Joan of Kent: The First Princess of Wales

joan of kent book

Jean Froissart, probably the most famous of the fourteenth-century chroniclers, described Joan as ‘in her time the most beautiful woman in all the realm of England and the most loved’

Royalit: What Did Medieval Kings Read?

Great medieval kings

The @5MinMedievalist, Danièle Cybulskie,

Yolande de Dreux, Queen of Scots

Yolande de Dreux, Queen of Scotland. Sceau de Yolande d'Ecosse - Duchesse de Bretagne (Wikipedia)

Susan Abernethy brings us back to medieval Scotland once again to look at another Scottish Queen, Yolande de Dreux.

BOOK REVIEW – London: A Travel Guide Through Time by Dr. Matthew Green

London: A Travel Guide Through Time by Dr. Matthew Green

Love London? Then you will love this book. A fascinating trek through time looking the pivotal moments in London’s history.

The Infamous Military Campaign of 1379

Fleet of Richard II, depicted in British Library Harley 1319  f. 18

The destruction of an English fleet led by Sir John Arundel in 1379 is reported by most chroniclers to be an unfortunate accident. However, if you read what Thomas Walsingham has to say about what happened, you get a far more horrific version of events.

Celebrating the New Year, Medieval Style

The Festival of Fools - Pieter Bruegel the Elder (1525)

A look at New Year’s in the Middle Ages.

BOOK REVIEW: The Butcher Bird by SD Sykes

Books: The Butcher Bird by SD Sykes

My review of SD Sykes follow up to “Plague Land”, her latest book, “The Butcher Bird”.

BOOK REVIEW: The Lady Agnes Mystery – Volume I

Books: The Lady Agnes Mystery - Volume I by Andrea Japp

A review of the Lady Agnes Mystery by Parisienne author, Andrea Japp.

The 1356 Basel earthquake: an interdisciplinary revision

Destruction of the city Basel, depicted in Sebastian Münster's Cosmographia

The 1356 Basel earthquake is well known as one of the most damaging events in intra-plate Europe within historical times. It was one of several devastating catastrophes in the 14th century.

Did People Ice Skate in the Middle Ages?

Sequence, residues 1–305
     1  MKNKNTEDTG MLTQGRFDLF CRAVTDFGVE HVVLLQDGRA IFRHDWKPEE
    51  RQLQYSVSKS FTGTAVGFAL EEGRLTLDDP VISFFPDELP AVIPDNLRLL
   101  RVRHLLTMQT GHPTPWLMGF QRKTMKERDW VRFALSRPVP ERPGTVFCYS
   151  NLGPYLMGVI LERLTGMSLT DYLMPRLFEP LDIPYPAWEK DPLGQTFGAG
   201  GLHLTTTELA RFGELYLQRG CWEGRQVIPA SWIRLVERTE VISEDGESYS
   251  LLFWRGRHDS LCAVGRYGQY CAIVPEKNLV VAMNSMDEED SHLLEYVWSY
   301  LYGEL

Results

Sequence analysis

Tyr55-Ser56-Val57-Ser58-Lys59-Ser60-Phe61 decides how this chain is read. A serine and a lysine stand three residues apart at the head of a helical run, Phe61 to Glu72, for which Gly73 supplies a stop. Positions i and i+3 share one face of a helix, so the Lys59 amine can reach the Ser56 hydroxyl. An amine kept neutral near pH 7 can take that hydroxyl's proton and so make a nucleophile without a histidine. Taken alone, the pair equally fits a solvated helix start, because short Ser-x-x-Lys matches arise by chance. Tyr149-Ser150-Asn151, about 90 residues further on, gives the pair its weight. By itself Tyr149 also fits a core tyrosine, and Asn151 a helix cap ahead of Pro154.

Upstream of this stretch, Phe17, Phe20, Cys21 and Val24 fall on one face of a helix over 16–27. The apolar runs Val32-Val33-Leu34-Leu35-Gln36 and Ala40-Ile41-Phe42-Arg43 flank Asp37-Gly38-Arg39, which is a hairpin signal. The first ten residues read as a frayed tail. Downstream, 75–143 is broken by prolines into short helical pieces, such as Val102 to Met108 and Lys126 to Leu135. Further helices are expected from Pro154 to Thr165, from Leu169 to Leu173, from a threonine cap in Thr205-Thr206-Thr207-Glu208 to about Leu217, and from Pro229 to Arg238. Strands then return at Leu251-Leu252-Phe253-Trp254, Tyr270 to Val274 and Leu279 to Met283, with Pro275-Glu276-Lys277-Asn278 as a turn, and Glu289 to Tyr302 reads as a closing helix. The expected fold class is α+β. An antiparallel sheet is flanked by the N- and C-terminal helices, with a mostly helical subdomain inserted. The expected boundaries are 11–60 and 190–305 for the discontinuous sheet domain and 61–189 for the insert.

Medieval ice skates made of bone on display at the Museum of London. Photo by Steven G. Johnson, Wikipedia.

How did medieval people pass the time during the coldest part of the year? I came across several instances of medieval people strapping on skates and taking a twirl (or a tumble!) on the ice. Here is how it all began!

‘The Worst Disaster Suffered by the People of Scotland in Recorded History’: Climate Change, Dearth and Pathogens in the Long Fourteenth Century

16th century map of Scotland

It is not the aim of this essay to provide an environmental history of medieval Scotland or even just of the fourteenth century in Scotland; that is a much larger task than can be addressed here. Rather, the intention is to explore the nature of the evidence that is available within the documentary record and place it alongside the various forms of proxy data for climate history to produce a synthetic narrative.

Tall Tales: The Trouble with Tours

Nottingham Castle sitting atop its rock, a vast network of caves. Photo by Medievalists.net

Tours. They can be great, or they can be cringeworthy and rife with misinformation. A great tour guide knows how to add a flourish or two to a story to keep the audience engaged and the history interesting. A bad tour guide invents things and hopes there isn’t a historian in the audience dismayed by the falsehoods they’re spreading to unwitting listeners…